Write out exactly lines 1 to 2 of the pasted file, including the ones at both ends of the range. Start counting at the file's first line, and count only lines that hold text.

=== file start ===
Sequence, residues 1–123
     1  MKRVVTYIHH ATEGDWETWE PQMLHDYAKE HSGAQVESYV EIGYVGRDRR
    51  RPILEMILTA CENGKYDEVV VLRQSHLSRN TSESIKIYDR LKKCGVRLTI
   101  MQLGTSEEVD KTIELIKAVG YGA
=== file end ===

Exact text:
Sequence, residues 1–123
     1  MKRVVTYIHH ATEGDWETWE PQMLHDYAKE HSGAQVESYV EIGYVGRDRR